My first thought was that two-at-a-time really isn’t the worst plan. I don’t really enjoy knitting that way, but if my goal with this project is less to enjoy knitting and more to get useful pairs of socks out of it, then enjoyment was what needed to be sacrificed. I was not in the mood to either knit from both ends of the ball or try to weigh the yarn and divide it evenly, so I just went with knitting with two different yarns at once.
Next I figured that ankle socks might help ease my frustration as well. Less length means less to go wrong, and it’s not like I walk around in shorts all the time — or ever, really — so my feet are really the only place I need my socks to keep warm. I did these top-down and they’re the same size and they both fit and I didn’t have to cut the yarn or swear at anybody while I made them. They’re still technically not a pair according to my goal, but one of them is actually not a yarn that I had included in my goal in the first place, so…that mitigates…something, in my mind. Ahem.
After I finished these I decided to revisit the tragic heel-nipple socks. I needed a completely different heel, because these socks really felt tight through the instep, so a short-row or other heel that didn’t give me a little extra fabric to play with was out. I’ve done a bunch of toe-up pairs with gussets but I”ve been wanting to try one with more of a gusset/heel flap style heel for a while and seeing these in the new Knitty had me extra-motivated to give it a go. (I totally want to knit the whole pattern, too. I might need to rethink a couple of the yarns from the sock plan.)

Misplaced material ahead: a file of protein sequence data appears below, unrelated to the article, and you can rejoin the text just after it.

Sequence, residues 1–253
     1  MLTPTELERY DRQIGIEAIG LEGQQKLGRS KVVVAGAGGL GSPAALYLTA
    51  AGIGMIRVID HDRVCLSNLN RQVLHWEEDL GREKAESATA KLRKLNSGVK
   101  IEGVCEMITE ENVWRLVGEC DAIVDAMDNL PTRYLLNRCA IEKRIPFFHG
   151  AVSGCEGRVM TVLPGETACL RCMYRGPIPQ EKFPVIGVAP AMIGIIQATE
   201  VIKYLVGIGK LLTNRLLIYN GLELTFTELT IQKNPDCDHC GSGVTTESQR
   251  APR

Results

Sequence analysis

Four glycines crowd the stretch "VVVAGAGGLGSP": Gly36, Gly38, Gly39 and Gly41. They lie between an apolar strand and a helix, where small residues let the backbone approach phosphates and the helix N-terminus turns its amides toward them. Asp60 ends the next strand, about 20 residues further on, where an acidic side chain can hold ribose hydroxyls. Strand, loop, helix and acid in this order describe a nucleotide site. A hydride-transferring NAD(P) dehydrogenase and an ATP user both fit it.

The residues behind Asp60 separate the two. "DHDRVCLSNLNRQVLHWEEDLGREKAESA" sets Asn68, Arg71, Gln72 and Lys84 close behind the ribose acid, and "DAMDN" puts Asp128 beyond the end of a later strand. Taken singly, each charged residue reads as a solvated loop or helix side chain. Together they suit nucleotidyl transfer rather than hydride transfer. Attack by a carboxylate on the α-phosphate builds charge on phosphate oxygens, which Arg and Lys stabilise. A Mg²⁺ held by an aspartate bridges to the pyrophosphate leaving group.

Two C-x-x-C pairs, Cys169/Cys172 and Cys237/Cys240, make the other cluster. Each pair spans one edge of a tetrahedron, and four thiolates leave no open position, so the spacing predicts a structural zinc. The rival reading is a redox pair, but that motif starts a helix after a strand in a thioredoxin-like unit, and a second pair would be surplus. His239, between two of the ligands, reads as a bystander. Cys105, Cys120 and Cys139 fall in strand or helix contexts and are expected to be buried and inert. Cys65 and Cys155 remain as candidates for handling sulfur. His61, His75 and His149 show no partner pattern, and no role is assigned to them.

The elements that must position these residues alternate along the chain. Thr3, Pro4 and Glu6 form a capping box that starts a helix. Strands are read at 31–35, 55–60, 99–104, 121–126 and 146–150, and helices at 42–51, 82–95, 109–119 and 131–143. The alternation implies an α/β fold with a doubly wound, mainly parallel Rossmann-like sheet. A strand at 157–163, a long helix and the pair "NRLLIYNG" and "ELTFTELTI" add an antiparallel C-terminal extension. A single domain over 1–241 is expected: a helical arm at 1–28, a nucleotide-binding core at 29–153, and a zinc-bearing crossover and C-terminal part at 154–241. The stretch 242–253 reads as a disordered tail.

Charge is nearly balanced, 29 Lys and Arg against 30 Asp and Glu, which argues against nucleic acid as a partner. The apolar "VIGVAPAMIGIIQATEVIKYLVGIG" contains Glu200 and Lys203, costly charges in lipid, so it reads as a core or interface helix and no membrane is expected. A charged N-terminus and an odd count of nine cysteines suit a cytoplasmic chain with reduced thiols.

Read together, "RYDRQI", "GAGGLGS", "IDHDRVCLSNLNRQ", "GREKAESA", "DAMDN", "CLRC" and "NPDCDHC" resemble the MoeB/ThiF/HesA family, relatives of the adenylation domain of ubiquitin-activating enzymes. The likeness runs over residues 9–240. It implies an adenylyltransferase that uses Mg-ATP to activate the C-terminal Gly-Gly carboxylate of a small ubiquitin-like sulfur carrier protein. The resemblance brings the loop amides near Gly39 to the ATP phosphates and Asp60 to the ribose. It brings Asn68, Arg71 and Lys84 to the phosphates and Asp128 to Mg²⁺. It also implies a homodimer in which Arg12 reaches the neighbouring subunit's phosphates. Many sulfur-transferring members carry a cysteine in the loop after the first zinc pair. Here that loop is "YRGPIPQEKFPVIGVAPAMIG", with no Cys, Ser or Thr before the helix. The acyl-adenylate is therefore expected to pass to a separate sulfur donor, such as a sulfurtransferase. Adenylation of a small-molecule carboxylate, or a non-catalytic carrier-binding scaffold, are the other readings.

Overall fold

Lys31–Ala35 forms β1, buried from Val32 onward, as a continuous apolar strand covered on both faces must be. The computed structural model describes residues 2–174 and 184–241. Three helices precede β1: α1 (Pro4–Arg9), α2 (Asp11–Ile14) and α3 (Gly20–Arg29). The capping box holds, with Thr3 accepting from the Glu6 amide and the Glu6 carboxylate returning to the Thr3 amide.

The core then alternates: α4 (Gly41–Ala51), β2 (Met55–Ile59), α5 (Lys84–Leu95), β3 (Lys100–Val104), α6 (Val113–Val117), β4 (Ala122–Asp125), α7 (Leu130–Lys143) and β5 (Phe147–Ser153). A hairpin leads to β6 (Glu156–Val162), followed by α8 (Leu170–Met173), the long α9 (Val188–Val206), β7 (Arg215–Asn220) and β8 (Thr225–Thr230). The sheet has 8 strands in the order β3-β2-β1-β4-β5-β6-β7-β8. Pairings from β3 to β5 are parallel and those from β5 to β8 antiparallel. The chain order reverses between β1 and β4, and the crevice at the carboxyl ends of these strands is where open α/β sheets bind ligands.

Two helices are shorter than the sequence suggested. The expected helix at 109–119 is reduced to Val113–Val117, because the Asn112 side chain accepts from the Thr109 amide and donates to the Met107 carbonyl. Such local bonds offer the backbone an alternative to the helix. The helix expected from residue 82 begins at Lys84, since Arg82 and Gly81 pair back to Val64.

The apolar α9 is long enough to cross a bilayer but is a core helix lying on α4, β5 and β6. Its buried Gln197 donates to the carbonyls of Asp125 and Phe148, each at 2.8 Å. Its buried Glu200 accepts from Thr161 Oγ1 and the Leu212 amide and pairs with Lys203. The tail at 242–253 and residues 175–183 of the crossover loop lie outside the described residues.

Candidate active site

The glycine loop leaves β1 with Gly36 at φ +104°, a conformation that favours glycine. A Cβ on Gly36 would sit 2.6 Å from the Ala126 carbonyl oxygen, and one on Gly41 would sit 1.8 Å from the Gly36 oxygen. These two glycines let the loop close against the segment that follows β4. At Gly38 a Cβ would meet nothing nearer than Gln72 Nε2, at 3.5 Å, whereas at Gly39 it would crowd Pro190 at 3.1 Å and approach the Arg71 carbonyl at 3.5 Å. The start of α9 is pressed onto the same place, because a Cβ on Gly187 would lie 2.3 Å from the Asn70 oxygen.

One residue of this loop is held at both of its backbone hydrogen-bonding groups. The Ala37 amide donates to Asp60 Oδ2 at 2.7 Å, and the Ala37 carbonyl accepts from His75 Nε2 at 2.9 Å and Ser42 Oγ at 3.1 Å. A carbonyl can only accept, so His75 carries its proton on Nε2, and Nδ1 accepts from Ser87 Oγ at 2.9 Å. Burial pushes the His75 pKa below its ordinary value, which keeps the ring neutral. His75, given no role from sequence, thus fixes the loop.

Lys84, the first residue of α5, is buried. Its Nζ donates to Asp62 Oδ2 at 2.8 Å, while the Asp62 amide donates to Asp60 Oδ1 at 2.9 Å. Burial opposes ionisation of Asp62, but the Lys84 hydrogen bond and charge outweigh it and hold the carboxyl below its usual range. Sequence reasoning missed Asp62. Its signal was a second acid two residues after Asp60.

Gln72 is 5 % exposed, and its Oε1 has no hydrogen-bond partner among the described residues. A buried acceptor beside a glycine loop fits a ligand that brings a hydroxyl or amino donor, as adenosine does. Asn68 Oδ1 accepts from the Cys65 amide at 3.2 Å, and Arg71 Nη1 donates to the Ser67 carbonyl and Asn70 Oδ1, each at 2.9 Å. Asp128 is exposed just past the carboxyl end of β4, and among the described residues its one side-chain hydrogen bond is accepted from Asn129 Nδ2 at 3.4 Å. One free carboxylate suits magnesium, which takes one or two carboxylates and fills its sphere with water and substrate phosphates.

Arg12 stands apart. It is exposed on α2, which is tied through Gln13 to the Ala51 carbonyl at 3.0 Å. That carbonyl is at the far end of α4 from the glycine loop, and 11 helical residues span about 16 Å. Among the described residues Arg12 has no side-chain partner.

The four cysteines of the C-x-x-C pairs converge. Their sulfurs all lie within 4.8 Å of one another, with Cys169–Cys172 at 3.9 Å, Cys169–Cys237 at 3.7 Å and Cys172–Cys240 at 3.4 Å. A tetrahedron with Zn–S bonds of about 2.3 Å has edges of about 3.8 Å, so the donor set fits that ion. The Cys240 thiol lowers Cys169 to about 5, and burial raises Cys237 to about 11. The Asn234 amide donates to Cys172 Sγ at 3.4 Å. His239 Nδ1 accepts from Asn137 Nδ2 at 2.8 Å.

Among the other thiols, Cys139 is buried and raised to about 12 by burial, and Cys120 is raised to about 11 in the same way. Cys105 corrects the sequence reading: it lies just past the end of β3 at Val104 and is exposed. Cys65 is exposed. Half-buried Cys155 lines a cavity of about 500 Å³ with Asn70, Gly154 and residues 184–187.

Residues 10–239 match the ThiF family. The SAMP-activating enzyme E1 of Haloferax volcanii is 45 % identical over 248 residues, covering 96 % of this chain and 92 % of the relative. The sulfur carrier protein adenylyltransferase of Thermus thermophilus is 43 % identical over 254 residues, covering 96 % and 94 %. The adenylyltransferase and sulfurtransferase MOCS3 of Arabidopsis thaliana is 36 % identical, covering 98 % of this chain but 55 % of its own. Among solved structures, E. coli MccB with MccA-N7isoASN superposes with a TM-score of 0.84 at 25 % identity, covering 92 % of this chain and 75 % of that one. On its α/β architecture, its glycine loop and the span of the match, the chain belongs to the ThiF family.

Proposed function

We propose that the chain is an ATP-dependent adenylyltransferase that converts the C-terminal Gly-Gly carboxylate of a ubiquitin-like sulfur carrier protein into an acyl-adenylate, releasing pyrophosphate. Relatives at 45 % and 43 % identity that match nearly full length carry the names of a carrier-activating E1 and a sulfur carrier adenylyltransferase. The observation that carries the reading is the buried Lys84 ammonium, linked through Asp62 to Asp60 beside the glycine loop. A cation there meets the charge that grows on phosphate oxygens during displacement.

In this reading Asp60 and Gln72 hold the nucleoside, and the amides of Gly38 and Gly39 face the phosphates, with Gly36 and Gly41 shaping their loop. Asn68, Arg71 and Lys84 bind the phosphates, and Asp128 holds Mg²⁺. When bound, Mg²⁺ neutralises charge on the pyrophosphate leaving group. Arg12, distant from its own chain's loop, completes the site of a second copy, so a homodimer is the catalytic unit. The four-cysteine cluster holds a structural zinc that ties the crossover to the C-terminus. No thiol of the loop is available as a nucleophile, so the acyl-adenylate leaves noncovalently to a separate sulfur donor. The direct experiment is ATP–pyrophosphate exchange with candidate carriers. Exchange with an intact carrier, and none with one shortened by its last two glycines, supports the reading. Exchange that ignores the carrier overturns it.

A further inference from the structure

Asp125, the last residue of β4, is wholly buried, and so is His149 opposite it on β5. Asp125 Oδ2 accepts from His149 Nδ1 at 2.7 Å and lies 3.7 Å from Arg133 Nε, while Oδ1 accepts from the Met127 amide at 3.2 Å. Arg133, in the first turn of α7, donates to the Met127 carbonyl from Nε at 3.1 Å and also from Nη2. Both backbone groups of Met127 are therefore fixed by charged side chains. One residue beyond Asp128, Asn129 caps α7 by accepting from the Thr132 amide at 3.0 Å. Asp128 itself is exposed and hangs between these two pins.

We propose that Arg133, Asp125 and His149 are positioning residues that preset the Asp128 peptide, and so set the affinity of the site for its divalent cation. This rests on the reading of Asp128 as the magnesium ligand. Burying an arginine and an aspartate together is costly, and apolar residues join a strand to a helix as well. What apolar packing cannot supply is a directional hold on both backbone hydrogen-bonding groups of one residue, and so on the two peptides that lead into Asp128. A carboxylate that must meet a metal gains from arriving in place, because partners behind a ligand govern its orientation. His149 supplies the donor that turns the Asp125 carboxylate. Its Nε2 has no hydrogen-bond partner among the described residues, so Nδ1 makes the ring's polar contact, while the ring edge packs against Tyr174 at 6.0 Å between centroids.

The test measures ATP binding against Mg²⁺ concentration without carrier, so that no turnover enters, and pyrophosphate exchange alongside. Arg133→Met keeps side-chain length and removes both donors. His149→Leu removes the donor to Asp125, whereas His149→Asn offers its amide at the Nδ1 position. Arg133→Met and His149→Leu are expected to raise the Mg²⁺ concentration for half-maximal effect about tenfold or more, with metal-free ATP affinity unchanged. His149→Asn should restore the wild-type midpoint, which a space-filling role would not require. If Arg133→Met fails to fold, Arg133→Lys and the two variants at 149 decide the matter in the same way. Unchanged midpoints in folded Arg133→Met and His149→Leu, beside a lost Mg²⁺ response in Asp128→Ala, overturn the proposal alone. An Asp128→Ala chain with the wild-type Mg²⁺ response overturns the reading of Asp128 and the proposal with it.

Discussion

I measured out where I’d need to start the heel.
I PICKED UP ALL THE STITCHES PERFECTLY THE FIRST TIME LIKE SOME SORT OF MIRACLE!
I was expecting this type of heel to be some sort of magic, but it wasn’t. I mean, I kind of think all sock heels are magic to some extent, but I had never read how to do this before and it seemed like a very mysterious thing to me going in, but it was really straightforward to knit.
And then I went the ankle socks route again.
I like having this heel option for toe-up socks but I think the flap section it was a little shorter than it would have been if I’d knit these top-down with a traditional flap. I went right into the cuff after the heel, basically the reverse of what I did with the first socks above, and they’re a bit shallower. They stay on just fine and there has been exactly no heel weirdness, though, so I am calling these a raging success and seriously considering picking my year of socks project back up.
Pattern: None in particular. 64 stitches, 3*1 rib on the insole, 1*1 rib on the cuff Yarn: Chewy Spaghetti Spaghetti, color Pragmatic, 43.5 g (so I guess a little less than half a skein? Ravelry doesn’t have the weight listed) Needles: 2mm Karbonz 40″ circular Started: 11/4/15 Finished: 1/18/16
Well, I didn’t make the deadline for the superhero KAL. But even when I missed the deadline, I didn’t just toss the sweater aside and move right on to something else. This is either a sign of knitting maturity or a side effect of the Finish All The Things-along I’m also participating in. Either way, it’s gotten me here: